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Jabra C820s Active Noise Cancellation Headphones Review: Very Impressed

Best Value Noise Cancelling HeadphonesTreo Jabra C820sFor nearly two years now I have owned a secret weapon in my Treo accessory arsenal: the Bose Quiet Comfort 2 (QC2) Acoustic Noise Cancelling Headphones (see my review).  I absolutely and categorically will not travel anywhere without them as they help me to make a flight or train journey a more relaxed experience by almost completely shielding me from unwanted external noise (one of the principal causes of “travel stress” for me).

The audio quality, noise cancellation capabilities and wearing comfort of the QC2’s are all superb and pretty much the only mildly negative comment that I can make about them is the fact that priced at $299.00 they’re certainly not cheap (even though I’ll always happily pay a premium for this level of craftsmanship). 

At last now however, those Treonauts who have been put off by the QC2’s price will be particularly happy to learn about the newly released Jabra C820s Active Noise Cancellation Headphones which I have been _extremely_ impressed by and that come closest to matching the QC2’s audio, build and comfort of any of the noise cancellation headsets that I have tested to date – all at a fraction of the cost.  It would certainly be an understatement on my part to say that the Jabra C820s offer absolutely incredible value.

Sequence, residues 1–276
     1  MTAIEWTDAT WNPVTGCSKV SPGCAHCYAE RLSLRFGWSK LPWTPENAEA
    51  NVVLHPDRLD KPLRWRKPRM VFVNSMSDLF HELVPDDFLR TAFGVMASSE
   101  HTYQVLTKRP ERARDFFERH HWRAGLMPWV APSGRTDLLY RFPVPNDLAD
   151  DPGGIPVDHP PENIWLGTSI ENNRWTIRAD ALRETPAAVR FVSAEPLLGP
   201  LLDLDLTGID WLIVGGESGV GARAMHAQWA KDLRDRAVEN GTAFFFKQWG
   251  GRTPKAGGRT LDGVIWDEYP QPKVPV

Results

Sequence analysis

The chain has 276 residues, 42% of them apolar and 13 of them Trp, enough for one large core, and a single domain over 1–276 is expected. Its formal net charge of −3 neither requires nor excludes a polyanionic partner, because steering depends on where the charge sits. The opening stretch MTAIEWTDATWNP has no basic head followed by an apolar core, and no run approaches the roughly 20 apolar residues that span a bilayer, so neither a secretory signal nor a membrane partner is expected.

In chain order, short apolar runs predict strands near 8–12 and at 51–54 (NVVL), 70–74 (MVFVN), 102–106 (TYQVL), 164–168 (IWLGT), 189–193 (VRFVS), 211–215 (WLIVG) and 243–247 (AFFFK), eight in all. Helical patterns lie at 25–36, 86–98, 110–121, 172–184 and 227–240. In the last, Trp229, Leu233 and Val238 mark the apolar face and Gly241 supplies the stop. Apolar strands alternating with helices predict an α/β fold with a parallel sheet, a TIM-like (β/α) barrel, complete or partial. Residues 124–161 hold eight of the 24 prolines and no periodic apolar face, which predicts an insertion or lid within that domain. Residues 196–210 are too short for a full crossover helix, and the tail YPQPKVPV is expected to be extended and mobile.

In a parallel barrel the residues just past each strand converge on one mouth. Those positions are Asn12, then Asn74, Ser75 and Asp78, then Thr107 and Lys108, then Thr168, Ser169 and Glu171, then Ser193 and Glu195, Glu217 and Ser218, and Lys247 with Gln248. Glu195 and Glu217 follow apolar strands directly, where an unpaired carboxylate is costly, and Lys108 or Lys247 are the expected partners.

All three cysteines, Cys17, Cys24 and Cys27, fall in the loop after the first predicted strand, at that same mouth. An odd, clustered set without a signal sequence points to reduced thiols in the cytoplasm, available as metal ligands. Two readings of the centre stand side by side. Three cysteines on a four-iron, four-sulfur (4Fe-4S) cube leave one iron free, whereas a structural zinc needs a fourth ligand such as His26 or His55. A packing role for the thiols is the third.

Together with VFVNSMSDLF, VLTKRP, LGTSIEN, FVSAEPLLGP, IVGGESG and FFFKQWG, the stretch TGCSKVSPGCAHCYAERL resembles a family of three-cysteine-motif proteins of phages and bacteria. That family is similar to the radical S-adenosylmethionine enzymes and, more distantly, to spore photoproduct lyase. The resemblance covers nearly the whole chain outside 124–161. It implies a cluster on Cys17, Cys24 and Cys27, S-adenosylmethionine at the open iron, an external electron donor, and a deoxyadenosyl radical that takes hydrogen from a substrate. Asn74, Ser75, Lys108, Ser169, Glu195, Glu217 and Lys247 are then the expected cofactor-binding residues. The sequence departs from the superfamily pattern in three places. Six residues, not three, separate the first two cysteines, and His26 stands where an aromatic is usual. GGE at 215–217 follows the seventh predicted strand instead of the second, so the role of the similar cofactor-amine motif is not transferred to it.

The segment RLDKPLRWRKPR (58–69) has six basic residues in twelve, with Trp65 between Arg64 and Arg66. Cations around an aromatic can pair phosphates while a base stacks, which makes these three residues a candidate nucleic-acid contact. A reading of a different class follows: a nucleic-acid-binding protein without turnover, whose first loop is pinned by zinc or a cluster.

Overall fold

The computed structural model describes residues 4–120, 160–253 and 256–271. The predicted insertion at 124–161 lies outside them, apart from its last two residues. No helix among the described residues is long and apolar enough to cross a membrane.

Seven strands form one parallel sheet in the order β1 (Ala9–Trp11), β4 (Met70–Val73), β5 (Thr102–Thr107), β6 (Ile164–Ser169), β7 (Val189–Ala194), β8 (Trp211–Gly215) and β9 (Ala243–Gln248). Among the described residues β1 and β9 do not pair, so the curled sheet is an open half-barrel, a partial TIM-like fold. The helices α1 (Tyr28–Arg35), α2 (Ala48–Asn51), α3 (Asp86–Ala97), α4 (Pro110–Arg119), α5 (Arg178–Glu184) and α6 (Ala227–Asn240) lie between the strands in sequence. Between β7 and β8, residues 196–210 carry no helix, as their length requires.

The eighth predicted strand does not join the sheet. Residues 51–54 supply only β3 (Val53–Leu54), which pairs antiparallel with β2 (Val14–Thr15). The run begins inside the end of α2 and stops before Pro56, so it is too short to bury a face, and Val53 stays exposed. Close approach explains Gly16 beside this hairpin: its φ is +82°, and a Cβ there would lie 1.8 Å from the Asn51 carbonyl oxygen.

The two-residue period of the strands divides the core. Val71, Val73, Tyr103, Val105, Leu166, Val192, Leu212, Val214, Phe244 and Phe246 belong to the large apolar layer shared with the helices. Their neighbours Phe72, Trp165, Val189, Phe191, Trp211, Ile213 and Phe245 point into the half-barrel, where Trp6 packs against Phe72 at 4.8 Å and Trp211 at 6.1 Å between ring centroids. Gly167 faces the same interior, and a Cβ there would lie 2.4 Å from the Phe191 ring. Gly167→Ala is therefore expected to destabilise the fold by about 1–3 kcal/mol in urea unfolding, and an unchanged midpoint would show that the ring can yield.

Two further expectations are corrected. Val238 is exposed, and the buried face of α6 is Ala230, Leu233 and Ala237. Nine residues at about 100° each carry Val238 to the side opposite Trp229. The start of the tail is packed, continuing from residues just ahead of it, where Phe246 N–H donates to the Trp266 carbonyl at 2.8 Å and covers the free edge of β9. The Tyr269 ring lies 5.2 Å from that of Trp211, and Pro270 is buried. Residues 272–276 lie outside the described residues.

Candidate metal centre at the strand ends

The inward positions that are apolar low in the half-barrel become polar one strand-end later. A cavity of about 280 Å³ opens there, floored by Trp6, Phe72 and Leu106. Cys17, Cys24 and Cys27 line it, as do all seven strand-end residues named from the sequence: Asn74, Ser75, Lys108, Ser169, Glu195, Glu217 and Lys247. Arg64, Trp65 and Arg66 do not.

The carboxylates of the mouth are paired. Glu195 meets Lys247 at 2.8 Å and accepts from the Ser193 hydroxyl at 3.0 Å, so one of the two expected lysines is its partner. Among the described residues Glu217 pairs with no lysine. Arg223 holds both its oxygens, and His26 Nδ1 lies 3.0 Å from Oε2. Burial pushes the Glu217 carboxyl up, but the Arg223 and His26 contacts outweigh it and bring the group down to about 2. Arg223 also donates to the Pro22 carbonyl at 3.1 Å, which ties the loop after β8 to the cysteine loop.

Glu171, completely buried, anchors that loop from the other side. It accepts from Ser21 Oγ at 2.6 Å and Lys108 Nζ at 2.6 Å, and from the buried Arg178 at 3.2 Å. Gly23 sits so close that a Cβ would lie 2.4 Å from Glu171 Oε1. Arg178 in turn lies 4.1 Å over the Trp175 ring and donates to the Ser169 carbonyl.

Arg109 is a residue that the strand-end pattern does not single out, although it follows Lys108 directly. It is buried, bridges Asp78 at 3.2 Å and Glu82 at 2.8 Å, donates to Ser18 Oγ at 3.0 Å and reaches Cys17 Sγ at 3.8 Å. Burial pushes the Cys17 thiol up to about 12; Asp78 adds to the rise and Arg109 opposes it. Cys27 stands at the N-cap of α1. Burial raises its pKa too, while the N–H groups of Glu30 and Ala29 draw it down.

Jabra C820s Active Noise Cancellation Headphones

The fact is that it is almost immediately obvious that Jabra have blatantly copied Bose’s QC2 (pictured below left) as both the shape, build materials and many details of the C820s are almost identical – even down to the storage case and included accessories.

 Bose Quiet Comfort 2 Jabra C820s Active Noise Cancellation Headphones

With a full “over-the-ear” design and soft leather covered cushioned earpieces (below right) as well as cushioned head band and “fold-flat” structure the Jabra C820s offers an extremely comfortable (essential for long haul flights and trips) and practical (I always want to minimize the clutter when I travel) noise cancelling solution.

 Jabra C820s Active Noise Cancellation Headphones Jabra C820s Active Noise Cancellation Headphones

As I mentioned earlier, even the carrying case of the C820s (below) is nearly identical (albeit slightly wider and thicker) to that offered by the QC2’s.  Additionally, the included accessories kit offers a long headphone cable (about 1.5m), a short cable (about 0.2m), aircraft adapter, large 6.5mm audio adapter and finally also a 2.5mm adapter [NOTE: for some reason this adapter does not work with the Treo and you’ll need to get the SPE Stereo Adapter instead].